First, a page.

Overnight came the welcome news that courts in the US had blocked the desire of the Trump administration to impose hefty, put-you-out-of-business taxes on Bombardier to as a protection for Boeing.
By way of (brief) explanation the two firms are rivals in the aircraft construction market. The former is UK based, the latter US. The Americans claimed unfair state subsidies gave Bombardier an unfair advantage. “Rubbish” responded the Northern Ireland based firm and now the courts have agreed.
Huge sighs of relief that the best part of 1000 jobs and a whole supply chain have been saved. It’s been good to see trade unions and our 6 million-plus members getting news coverage and recognition for the vital role we play in giving workers a voice and protecting their pay, conditions and employment.
Of course, you have to wonder why such a move was ever contemplated to start with. Is this what the President meant by “making America great’ – attempts at unlawful economic protectionism? That’s for another debate. The point here is that saving Bombardier was a truly collaborative effort. Company spokespersons fulsomely acknowledged the role played by trade unions in that.
Turn now to the collapse of Carillion, which everyone seems to think was a bad thing, foresee-able, avoidable and an example of how corporations should not conduct themselves. In the hubris, handwringing and damage limitation days that followed the Guardian gave space to Theresa May for a front page opinion-piece in which she outlined her thoughts on corporate governance and the lessons learned from this latest stink.
She said, “The minister for the Cabinet Office, David Lidington, has co-ordinated the government’s response, acting swiftly to safeguard the continuity of public services. Greg Clark, the business secretary, has already convened a task force involving business and unions to support firms and workers affected by the collapse of Carillion.”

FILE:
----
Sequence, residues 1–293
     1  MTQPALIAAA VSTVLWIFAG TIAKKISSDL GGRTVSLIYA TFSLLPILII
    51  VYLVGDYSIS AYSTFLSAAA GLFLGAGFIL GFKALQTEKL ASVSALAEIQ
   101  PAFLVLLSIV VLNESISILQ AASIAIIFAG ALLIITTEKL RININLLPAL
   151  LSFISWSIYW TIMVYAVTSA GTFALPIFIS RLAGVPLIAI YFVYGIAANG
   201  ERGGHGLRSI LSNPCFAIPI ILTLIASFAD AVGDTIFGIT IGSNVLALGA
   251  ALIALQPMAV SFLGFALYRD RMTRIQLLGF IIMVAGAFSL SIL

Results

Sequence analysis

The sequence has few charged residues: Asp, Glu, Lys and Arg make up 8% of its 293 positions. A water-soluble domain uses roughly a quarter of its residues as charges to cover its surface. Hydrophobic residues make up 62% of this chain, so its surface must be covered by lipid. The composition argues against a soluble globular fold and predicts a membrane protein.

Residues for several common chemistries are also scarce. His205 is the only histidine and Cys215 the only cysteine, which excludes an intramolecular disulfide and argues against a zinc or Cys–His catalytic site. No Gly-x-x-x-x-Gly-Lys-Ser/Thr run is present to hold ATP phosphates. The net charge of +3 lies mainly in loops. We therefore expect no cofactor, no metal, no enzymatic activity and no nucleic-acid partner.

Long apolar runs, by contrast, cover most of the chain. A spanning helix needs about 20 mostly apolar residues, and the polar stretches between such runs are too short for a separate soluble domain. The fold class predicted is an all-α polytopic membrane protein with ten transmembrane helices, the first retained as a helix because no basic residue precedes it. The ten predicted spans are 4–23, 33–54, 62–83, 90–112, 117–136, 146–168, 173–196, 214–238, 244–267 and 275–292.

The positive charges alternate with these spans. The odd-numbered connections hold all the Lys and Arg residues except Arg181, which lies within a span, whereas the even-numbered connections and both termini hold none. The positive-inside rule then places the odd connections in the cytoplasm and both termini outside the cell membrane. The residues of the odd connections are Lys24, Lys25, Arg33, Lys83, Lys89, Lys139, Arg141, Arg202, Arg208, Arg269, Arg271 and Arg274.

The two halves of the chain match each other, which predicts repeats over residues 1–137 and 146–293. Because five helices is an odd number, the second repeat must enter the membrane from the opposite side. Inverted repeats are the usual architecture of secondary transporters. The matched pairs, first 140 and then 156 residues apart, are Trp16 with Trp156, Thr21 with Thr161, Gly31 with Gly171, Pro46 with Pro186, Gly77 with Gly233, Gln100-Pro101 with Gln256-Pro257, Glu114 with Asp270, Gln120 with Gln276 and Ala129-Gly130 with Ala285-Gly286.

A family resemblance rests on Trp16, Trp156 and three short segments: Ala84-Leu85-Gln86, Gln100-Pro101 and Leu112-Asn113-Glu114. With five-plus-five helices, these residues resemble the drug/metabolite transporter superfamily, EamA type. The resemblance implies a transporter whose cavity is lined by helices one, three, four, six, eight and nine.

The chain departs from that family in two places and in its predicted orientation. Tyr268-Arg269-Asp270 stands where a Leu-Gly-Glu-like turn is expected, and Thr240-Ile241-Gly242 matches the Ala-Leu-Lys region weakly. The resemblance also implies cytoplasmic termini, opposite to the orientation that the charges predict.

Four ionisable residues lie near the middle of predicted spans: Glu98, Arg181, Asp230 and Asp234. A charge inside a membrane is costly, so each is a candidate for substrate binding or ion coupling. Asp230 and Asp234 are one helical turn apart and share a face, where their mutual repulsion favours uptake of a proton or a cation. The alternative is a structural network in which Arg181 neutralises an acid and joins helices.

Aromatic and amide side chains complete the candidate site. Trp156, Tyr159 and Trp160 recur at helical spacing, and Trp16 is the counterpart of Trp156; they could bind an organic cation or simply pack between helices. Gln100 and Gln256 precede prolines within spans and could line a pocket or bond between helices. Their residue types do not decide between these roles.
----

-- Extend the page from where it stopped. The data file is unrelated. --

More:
Well that is all well and good. Unions are acknowledged ass having a key role and a rightly to be at the table as part of the solution, part of the plan going forward. Better late than never, you might say, especially in a company that historically has been guilty of dreadful employment practices (the Blacklisting scandal, comes most readily to mind).
But I’ll take the positives out of this. The more unions are recognised for the skills and knowledge they bring, the more they are acknowledged as key participants in terms of representing workers and finding solutions, the more we get away from the self-serving, dishonest and default denigration that unions and collectivism generally receives in much of our media – the better for all of us.
So two points to end on. The first is that the state has a key role to play in this. The Prime Minister has often been vulnerable to charges of urging the goals of better employment practices without any credible plan to provide the means. As David Coats argued last week, in a very worthwhile collection of Fabian essays, only government can establish the framework within which solution-orientated collaboration (or meaningful and consistent dialogue) can take place. And yet the administration still has not responded to the limited proposals of the Taylor review that the PM herself commissioned, six months after its publication, and arguably could have done much more in the cases of Carillion and Bombardier
And the second is that there is a real and significant gap in the knowledge and understanding of modern trade unionism. There is at large a view that unions will compromise business efficiency, productivity and profitability. That clearly was not the case at Bombardier and Carillion were more than capable of messing things up on their own.
Yet when Ryanair got into serious, near-exisitential trouble last Autumn, owner and union-phobe Michael O’Leary u-turned, recognising that he needed to sit down with representatives of his staff to work together to fix the problem. And the response of the stock market to that welcome news: Ryanair shares fell by 8%. That’s a problem we have to fix.